NHS workers are on the sharp end of New Labour’s attacks on the public sector. This autumn they will vote on whether to accept the sweeping changes to pay and contracts in the government’s Agenda for Change deal.
At Homerton Hospital in Hackney, east London, workers have responded to the attacks they have faced by getting organised.
The new union activists are young, active and mainly black. A group of Unison union members met up last week to discuss what’s going on in their workplace.
Natasha, medical records worker and shop steward: Since I got involved with the union the main issue has been Agenda for Change, but there have been other issues such as racial discrimination.
A circular was sent round looking at the ethnic make-up of employees—it showed a bias against black people.
The union can put forward suggestions to deal with the situation—it doesn’t sound a lot, but it’s important.
Tony, shop steward: It’s not just black people who face discrimination in the workplace, it’s other people like East Europeans as well. The union gives me a voice to speak up.
I represent ISS Mediclean workers in the post room. The company is not fair. People talk about a two-tier workforce in the NHS, but they have a three-tier workforce.
There are three people working with me at the moment.
They are all on different pay grades but we’re all doing the same job. That’s one of the reasons I got involved in Unison.
When the contractors came into the hospital Unison fought so that the people working here already could keep their old contract.
Just after that another group came in on a different rate.
Then the people who came in last were put on the minimum wage.
There are so many private contractors here already.
There is a private newspaper shop and coffee shop. Synergy came in and took over cleaning instruments.
Now they are talking about putting the women who clean the linen out of work and bringing in contractors.
I don’t think Labour have done enough to get rid of the things that the Tories brought in.
The money they say they are pumping into hospitals is not getting through—Labour has let us down. I’d like to know what they’re spending it on.
All: The war!
Tony: The war is one of the biggest issues right now, and it is also an issue of racism. They are using the war to detain people because they are Muslims. Where does it stop?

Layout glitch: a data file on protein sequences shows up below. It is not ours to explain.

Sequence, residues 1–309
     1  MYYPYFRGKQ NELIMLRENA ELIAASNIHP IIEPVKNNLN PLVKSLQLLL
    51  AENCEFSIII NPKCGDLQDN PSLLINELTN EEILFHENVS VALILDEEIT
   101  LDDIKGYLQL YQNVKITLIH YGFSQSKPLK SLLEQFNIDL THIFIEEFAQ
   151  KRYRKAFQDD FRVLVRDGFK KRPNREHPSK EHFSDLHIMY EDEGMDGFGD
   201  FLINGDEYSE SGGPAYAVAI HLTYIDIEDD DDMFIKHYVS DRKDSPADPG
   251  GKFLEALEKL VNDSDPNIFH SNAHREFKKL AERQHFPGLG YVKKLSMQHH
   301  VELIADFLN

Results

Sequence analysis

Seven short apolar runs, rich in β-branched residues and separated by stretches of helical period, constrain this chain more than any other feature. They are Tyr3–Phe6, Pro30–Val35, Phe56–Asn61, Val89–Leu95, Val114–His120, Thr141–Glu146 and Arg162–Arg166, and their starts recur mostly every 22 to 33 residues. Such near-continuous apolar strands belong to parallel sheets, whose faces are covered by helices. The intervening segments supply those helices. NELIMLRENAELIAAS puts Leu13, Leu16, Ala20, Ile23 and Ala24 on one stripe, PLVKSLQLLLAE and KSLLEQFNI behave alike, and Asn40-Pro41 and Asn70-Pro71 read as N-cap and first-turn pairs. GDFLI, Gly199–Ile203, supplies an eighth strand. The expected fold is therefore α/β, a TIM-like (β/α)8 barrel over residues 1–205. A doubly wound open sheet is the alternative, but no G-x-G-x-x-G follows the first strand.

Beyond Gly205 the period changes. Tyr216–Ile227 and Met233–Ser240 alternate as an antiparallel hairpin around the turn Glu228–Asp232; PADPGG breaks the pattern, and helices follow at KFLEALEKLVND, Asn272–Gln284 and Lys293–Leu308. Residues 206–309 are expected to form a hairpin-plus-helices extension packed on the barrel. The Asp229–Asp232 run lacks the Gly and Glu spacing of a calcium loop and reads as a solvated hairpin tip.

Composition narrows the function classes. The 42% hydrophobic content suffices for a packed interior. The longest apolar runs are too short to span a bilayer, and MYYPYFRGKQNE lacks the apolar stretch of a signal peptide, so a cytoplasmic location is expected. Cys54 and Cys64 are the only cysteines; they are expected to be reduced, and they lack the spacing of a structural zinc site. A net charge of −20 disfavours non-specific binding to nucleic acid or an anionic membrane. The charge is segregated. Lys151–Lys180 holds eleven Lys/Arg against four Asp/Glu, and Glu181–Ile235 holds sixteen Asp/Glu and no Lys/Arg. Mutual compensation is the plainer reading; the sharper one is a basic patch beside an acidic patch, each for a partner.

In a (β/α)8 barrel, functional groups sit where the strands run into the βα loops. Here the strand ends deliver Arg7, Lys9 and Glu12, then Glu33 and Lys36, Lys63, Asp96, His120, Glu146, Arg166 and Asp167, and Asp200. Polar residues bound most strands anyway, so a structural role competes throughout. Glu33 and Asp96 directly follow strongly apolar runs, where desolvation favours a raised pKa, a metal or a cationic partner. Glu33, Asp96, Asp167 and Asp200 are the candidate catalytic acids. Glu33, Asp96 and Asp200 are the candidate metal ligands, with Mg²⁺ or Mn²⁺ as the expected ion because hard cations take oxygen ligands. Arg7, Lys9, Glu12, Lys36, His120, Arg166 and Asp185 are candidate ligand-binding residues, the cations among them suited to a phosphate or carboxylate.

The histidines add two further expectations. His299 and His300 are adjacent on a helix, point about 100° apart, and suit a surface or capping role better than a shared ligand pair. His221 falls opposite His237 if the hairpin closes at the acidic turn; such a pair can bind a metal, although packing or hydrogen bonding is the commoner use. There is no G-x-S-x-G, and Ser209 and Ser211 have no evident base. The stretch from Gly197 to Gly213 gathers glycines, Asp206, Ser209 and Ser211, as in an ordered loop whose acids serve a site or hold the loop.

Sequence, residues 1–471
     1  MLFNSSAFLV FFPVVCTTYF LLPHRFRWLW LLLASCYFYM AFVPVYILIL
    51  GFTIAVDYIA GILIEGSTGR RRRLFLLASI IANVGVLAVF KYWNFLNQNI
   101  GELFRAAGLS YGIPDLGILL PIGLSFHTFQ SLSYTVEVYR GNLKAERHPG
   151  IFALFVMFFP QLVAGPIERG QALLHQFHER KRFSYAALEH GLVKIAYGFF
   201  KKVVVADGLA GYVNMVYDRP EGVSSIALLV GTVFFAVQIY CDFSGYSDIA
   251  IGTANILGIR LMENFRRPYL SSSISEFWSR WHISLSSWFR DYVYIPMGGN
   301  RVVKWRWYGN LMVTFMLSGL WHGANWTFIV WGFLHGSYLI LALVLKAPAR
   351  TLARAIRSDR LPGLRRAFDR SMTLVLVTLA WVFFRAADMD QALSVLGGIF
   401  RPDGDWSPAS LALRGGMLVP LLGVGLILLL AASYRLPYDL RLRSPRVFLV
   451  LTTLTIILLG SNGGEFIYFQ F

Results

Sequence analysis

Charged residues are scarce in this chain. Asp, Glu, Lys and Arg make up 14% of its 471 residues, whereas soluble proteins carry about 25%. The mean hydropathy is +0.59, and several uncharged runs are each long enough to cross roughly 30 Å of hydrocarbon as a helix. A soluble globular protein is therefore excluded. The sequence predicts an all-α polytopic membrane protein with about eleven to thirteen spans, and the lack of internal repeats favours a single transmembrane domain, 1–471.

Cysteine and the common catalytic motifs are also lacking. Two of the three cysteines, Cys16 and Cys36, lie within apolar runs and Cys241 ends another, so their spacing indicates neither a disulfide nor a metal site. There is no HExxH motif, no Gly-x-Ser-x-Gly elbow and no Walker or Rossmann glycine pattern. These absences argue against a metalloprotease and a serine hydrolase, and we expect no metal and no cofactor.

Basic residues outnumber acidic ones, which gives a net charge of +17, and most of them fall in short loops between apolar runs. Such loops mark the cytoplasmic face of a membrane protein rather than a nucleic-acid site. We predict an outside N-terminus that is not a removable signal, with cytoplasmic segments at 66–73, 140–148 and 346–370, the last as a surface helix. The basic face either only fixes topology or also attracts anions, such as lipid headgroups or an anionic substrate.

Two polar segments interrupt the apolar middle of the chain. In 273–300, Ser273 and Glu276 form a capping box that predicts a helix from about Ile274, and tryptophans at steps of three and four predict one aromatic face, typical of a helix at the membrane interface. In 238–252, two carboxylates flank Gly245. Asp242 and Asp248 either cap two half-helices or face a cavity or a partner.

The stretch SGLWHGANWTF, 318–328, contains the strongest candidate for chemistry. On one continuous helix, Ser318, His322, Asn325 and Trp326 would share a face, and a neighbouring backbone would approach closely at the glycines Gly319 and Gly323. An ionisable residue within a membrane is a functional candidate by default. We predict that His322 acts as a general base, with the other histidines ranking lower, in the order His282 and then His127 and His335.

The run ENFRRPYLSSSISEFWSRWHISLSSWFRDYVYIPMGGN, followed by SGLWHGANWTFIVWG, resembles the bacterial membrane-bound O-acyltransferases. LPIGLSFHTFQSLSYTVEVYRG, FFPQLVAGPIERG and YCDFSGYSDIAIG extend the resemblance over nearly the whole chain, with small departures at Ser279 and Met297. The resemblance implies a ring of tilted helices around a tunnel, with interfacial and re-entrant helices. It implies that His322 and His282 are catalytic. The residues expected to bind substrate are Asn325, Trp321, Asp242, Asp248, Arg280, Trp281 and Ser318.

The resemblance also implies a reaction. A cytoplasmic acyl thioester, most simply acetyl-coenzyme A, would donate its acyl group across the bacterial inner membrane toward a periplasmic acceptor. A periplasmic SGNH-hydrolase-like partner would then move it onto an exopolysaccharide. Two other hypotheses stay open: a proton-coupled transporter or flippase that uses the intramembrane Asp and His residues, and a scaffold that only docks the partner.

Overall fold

Dave, lead Agenda for Change negotiator: Everyone talks about a two-tier system between, say, NHS staff and ISS Mediclean’s staff. Of course I’m in favour of them getting a decent wage, but even within the NHS staff there is a two-tier system.
Admin and clerical staff get very low wages. That will get worse if Agenda for Change comes in.
Natasha: People are starting to get the information about Agenda for Change, but whether they know all the implications is a different matter.
Sharon, newly elected shop steward in outpatients: I think lots of people are under the impression that they are all going to get a pay rise.
Natasha: There’s misinformation coming out about the deal, and also people are being told that Agenda for Change is going through and you have no say in it.
Sharon: They are taking admin and clerical work away and giving it to clinical workers. Is that going to mean that further down the line they need less admin and clerical staff? That’s a big worry of mine.
Dave: If all the union branches are as well run as ours there will be protests over Agenda for Change, but that’s not the case at the moment. So it will vary from hospital to hospital.
Union activists here go out and actively recruit. The word democracy is bandied about, but our branch is run democratically.
That means that everyone participates, so it makes the branch stronger. No one’s views are ever rubbished. We have a layer of stewards under the branch secretaries who also filter this democracy down. Some of them have been doing the job for a while, but there are new stewards like me who have been learning from them.
Andrew, medical records worker: If you have a problem you can go straight to a union steward and they will get you the information you need. Sometimes there is a minor problem, but people are scared to go to their managers, so you can go to the union.
Tony: We need more stewards, which is hard when people work for ISS Mediclean. They are making people scared. Yesterday I went out to try to get domestics to be stewards, and not one of them wanted to be one.
Diana, joint branch secretary: Everyone is scared at first. You think you might not be up to it, or the managers will go for you.
It’s important for us to support new stewards. They can gain confidence fighting over small things—the main thing is for them to get stuck in and see they can make a difference.
One of the things that changed the branch was the strike we nearly had with ISS Mediclean. Before that we weren’t a well organised branch, and we only recruited in dribs and drabs.
Because we had to get organised, the union membership shot up. Among those working for ISS Mediclean it went from about 50 to 95 percent.
People are prepared to join a union if you show you’re prepared to fight.